In general, practitioners and investors are keen to make a distinction between “social impact first” investments, where the investor is prepared to sacrifice some financial return in exchange for the belief their money is doing good, and “social and financial” investments, where the investment product aims to produce returns comparable with the market.

“The second type appeals more to high net worth individuals,” says François Passant, executive director at Eurosif, the European social investment forum. “It’s got that entrepreneurial spin that resonates with them.” For people who got rich by building their own business, it feels more appropriate to help others by encouraging them to work for themselves than to give money, he explains.

Mr Szkiler remembers a presentation to JPMorgan about his business: “The global research guys were saying ‘hmm, that’s ambitious’, but the wealth management people said ‘that’s exactly what we’re looking for for our clients’.”

Truestone is about to start fundraising for its Global Impact Fund, which aims to return an annualised 8 to 10 per cent net over the medium-to-long term. With a six month lock-up period, the fund does require investors to be prepared to take a longer-term view, but Mr Szkiler is confident of reaching his target of £40m.

Institutional investors are not immune to the appeal of doing well by doing good, he adds. “We see institutional investors in that area, but so far really only the giants,” he says. Their motives may not be precisely the same as those of individuals: “There’s an element of looking for stable financial returns, even if modest, that are decorrelated with the rest of financial markets.

“There’s also a reputational benefit for the large institutional investor, and there is the concept of universal ownership,” he adds.

The theory of universal ownership states that beneficial owners in a fund not only have an interest in direct financial returns but also in making sure their investments work towards improving the world in which the investors live.

The categorisation of an investment vehicle as impact investment does not always come from the promoter. Nikko Asset Management has two World Bank Green Bond funds, invested in the triple-A issuer’s bonds – proceeds from which are used to fund climate change mitigation projects.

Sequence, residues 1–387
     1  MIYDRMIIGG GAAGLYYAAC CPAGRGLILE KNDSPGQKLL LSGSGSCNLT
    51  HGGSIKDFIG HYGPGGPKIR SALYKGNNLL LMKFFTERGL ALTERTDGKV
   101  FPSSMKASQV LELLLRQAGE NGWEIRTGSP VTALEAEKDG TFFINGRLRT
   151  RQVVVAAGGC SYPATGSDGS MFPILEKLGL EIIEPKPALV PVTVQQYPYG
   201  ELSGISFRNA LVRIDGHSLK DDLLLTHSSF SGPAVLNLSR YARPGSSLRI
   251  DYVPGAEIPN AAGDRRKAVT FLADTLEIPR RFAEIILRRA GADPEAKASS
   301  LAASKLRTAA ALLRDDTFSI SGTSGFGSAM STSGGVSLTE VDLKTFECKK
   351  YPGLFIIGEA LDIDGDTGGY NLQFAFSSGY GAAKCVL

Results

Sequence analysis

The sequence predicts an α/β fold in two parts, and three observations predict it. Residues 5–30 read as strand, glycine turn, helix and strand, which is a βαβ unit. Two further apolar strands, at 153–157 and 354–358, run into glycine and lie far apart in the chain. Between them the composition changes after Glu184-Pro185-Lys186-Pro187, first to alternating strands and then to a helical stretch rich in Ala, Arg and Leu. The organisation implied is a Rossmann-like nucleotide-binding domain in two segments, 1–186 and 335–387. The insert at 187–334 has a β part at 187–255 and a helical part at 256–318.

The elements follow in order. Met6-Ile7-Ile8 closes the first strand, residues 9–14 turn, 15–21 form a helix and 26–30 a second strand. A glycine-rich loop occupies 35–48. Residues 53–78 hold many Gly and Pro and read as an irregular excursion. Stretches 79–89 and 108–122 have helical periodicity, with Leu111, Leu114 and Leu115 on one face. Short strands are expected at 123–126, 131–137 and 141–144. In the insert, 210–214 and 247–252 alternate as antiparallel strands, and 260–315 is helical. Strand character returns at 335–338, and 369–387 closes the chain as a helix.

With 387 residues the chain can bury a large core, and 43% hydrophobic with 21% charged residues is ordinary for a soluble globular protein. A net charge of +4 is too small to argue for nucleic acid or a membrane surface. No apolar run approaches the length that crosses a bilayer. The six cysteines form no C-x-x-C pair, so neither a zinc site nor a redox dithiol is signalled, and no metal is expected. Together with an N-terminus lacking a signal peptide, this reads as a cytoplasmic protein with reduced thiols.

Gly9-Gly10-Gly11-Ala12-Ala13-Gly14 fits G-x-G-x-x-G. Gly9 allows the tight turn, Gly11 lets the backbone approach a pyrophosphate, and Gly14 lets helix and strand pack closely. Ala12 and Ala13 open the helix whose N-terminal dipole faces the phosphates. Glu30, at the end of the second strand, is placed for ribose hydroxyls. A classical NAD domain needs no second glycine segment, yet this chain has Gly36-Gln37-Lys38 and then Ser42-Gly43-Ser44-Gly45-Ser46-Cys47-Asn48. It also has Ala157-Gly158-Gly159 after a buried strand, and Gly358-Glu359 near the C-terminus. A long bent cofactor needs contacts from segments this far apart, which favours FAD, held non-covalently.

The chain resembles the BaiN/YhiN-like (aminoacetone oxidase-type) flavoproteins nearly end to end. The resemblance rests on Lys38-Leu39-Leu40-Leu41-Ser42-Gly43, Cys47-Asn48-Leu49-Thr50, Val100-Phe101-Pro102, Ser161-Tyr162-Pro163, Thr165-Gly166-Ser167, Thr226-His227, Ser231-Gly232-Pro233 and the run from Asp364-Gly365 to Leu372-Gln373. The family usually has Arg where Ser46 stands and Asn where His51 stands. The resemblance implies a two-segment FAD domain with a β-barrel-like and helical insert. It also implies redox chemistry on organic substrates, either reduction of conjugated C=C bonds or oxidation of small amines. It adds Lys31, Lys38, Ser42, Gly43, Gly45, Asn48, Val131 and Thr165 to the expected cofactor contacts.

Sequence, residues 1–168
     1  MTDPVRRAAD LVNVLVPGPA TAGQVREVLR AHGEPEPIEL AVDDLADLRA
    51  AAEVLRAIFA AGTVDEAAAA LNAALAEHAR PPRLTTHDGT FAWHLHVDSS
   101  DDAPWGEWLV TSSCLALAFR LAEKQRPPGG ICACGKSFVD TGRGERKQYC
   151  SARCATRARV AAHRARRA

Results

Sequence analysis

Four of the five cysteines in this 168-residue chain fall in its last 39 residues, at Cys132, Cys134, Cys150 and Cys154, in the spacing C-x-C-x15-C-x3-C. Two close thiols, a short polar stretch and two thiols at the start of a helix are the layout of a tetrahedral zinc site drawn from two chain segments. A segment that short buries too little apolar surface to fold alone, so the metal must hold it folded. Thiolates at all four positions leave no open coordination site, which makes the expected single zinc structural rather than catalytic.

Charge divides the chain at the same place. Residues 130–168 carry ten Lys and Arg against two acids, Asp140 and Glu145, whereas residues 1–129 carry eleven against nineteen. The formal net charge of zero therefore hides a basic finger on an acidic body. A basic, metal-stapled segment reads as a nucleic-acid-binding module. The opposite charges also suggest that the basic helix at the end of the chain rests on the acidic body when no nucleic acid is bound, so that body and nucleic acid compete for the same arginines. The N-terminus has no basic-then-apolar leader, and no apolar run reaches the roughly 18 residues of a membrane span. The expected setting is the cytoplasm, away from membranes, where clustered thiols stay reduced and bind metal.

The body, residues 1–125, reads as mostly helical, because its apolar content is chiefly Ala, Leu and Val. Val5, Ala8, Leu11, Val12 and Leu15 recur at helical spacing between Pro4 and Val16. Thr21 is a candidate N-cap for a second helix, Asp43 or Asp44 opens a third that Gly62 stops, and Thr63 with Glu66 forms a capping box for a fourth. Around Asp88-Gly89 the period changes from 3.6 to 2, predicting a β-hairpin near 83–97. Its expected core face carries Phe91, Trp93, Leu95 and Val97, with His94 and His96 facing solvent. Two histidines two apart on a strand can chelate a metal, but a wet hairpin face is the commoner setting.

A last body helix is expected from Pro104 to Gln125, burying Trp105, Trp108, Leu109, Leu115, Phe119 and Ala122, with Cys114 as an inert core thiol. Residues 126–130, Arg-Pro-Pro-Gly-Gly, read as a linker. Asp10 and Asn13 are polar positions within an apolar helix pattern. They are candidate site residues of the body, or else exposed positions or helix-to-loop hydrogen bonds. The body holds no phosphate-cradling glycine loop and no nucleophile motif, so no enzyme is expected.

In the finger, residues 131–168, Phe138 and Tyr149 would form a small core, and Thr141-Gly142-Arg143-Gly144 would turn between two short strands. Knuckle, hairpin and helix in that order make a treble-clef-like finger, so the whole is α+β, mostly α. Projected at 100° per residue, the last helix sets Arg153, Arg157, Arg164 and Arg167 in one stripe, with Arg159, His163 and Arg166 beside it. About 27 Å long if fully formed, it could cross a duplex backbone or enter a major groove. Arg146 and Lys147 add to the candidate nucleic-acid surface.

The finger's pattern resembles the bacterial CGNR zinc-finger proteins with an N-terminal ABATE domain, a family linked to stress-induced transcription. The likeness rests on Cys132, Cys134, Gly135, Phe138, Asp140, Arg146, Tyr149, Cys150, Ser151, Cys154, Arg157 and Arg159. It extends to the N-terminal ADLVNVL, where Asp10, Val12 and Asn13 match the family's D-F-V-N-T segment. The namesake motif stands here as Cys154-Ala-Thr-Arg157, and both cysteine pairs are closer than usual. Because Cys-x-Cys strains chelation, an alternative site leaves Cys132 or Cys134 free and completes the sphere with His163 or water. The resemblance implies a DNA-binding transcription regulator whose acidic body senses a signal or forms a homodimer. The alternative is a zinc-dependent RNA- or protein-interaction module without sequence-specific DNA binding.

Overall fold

“We didn’t set it up as an impact bond, but it falls in that direction naturally,” says Stuart Kinnersley, Nikko’s European chief investment officer. “Investors are getting this positive externality in addition to the market returns you would expect.”

Nikko’s institutional vehicle has seen approaches from investors specifically interested because they have identified it as an impact opportunity. “Many people are questioning the current model of capitalism,” points out Mr Kinnersley. A version that makes explicit use of the structures of capitalism to improve the world seems attractive to many of those questioners.

Unsurprisingly, development financial institutions such as the German KfW bank or Triodos Bank are interested in impact investing, as are many charities that rely on income from an endowment and prefer to make investments related to their mission rather than arbitrary unrelated investments.

In the UK, there are plans afoot to raise the profile of impact investing and make it more accessible to retail investors. This is the aim of the Social Stock Exchange, likely to launch some time next year.

It is the brainchild of Pradeep Jethi, a former product developer at the London Stock Exchange, and is backed by the Rockefeller Foundation and the UK’s Big Society Capital.

“I want to use my capitalist skills to make the world a better place,” says Mr Jethi. “If we don’t do something, capitalism will eat itself.”

Copyright The Financial Times Limited 2012.

Notre Dame, MIT Economists Demonstrate Wage Impacts of Large Microfinance Program

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JULY 20, 2012 BY  LEAVE A COMMENT

Fonkoze Credit Center – Participants in Chemen Lavi Miyó, a program offered by Fonkoze (a microfinance organization). The participants meet twice a week in Mirebalais, Haiti, to learn basic life skills. Photographer: Laura Elizabeth Poh